Provide a summary of the following web Content, written in the voice of the original author. If there is anything controversial please highlight the controversy. If there is something surprising, unique, or clever, please highlight that as well. Content: Title: Launch HN: Sidekick (YC W23) – AI support bot for developers Site: Hi Hacker News! We’re Jason and Ayan, the cofounders of Sidekick ( We made a GPT-driven bot for developers that runs in Slack and Discord and answers questions about your developer docs, while automatically keeping them up to date with new info. There’s a demo video at, and you can join our public Slack where you can try Sidekick on docs from Airbyte, a popular open source data connector catalog:

We’re in the process of making everything open source (there are some contractual issues we’re working through), but our client side code and basic infra is here:

Providing technical support to developers has been expensive for companies because they need to hire skilled engineers to do it. We’ve seen community support channels with a 2000:1 ratio of developers to support engineers - there’s no way every question will get answered. We built Sidekick to make this much easier. It’s particularly helpful for open-source companies/projects because many OSS communities have a lot of people asking questions, but hardly anyone helping troubleshoot.

We integrate with Slack and Discord, since that’s where developer support is already happening. On the backend, we use Weaviate to index the data and OpenAI’s text-davinci-3 model to generate responses.

In addition to answering questions, Sidekick can also update .md files automatically with new information. When someone reacts to a message in Slack with the emoji, Sidekick will use Weaviate to find the part in your documentation that’s most related to the message, then use GPT3 to merge the new info into the documentation. Finally, it will submit a pull request on Github with the changes. We saw that devrel teams are already making product announcements and helping users troubleshoot common issues in the community, so we built this feature to save them even more time.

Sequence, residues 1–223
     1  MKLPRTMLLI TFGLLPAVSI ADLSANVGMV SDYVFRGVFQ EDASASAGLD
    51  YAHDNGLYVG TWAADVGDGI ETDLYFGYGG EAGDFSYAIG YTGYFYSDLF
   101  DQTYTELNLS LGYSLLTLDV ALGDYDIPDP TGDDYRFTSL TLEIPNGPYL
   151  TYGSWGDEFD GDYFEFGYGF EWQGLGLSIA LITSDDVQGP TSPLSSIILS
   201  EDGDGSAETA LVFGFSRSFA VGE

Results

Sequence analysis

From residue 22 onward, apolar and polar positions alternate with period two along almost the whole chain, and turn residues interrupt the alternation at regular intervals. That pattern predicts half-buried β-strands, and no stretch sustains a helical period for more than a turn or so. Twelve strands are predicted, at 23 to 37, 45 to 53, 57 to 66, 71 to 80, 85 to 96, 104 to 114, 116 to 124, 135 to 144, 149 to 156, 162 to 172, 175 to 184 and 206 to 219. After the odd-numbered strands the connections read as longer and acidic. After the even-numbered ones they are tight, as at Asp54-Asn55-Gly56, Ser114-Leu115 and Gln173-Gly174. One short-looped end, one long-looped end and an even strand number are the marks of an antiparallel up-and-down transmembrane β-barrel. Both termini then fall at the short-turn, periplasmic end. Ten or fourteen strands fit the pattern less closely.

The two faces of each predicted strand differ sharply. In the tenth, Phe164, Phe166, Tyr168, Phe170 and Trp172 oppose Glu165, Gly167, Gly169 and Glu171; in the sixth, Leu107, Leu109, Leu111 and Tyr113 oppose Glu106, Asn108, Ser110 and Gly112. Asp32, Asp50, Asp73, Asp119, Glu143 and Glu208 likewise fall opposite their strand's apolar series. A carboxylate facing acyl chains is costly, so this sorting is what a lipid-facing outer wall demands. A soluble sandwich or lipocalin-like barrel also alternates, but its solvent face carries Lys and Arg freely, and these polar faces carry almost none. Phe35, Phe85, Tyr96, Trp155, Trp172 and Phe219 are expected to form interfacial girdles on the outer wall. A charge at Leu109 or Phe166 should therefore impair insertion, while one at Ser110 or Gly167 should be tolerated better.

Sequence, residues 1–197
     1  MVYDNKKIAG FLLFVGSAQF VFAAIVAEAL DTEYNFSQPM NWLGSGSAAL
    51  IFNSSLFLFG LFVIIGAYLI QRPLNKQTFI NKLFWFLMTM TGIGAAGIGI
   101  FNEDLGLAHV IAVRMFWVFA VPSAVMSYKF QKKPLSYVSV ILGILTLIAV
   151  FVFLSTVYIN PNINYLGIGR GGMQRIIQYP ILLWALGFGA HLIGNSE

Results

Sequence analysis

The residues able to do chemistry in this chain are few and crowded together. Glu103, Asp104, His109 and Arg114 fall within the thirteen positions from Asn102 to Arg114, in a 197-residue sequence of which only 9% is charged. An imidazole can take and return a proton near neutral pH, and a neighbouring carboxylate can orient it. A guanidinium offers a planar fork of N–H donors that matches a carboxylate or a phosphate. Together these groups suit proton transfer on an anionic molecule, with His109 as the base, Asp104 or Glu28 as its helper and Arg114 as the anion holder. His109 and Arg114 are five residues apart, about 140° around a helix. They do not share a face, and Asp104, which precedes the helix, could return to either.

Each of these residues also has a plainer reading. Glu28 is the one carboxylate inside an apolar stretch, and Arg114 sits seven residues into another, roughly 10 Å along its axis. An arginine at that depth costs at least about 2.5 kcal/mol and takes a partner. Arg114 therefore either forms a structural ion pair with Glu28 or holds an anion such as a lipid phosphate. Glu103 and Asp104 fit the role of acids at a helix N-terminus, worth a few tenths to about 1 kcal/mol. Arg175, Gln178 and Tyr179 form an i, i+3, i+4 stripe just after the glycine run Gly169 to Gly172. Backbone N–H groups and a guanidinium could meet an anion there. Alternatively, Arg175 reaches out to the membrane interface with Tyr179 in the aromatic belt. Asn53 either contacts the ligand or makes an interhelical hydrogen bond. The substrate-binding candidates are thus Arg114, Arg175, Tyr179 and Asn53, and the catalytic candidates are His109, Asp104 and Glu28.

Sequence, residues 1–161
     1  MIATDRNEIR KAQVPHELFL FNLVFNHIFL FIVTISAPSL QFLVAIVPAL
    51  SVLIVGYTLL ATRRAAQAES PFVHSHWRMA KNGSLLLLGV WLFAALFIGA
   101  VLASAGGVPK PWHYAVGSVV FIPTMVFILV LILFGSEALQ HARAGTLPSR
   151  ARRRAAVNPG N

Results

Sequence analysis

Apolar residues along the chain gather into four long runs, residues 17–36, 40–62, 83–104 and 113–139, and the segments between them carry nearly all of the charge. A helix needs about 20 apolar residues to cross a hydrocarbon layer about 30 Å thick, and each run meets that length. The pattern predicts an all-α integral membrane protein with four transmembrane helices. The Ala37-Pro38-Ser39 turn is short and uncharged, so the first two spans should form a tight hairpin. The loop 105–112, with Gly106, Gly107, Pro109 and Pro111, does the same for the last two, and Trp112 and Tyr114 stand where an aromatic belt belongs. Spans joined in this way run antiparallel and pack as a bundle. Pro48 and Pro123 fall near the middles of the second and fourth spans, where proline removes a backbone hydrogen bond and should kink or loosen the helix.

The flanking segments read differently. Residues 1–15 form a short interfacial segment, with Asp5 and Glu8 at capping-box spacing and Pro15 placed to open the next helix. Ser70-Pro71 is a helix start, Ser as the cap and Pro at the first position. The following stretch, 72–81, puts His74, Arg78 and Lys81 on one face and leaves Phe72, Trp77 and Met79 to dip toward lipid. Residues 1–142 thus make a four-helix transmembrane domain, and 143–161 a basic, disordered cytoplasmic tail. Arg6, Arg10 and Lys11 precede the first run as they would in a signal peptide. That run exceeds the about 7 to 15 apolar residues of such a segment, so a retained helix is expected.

We use GPT for generating the responses and new documentation, but are relying less and less on it after learning that you hit a ceiling on answer quality very quickly by using only GPT and prompt engineering techniques. Here’s some of what we learned trying to prevent hallucinations in our answers:

What we found makes a much bigger difference is the breadth and quality of the content you can search through, which is why we now rely a lot more on cleaning and annotating data, which yields far better results when combined with prompt chaining. For example, instead of naively chunking data into 1000 token blocks, we parse the markdown into semantically meaningful sections (e.g. paragraphs, lists, code blocks) and tag the content with the header name and document name so it’s more likely to surface for searches that are match for the section it’s from, even if it doesn’t exactly match the content in that chunk.

One fun thing we also learned is that when Sidekick gets added to a #help channel, people who otherwise wouldn’t ask questions start using it. It turns out, there are a lot of “lurkers” who come to these channels to find answers, but don’t want to bother anyone with their issue. Adding a tool that they can get answers from instantly brings these people out into the community, giving founders and community managers an opportunity to reach out to them.

To summarize, Sidekick 1) saves support engineers time, 2) keeps the docs up to date and 3) helps engage developers in the community. Long-term we want to provide an analytics product on top of Sidekick so companies can understand how their product is being used and where there are opportunities to add more value to their customers (and charge more money for it).

We’d love to hear from the HN community about this product! Do you think using a tool to search through and update developer docs from Slack would save you time?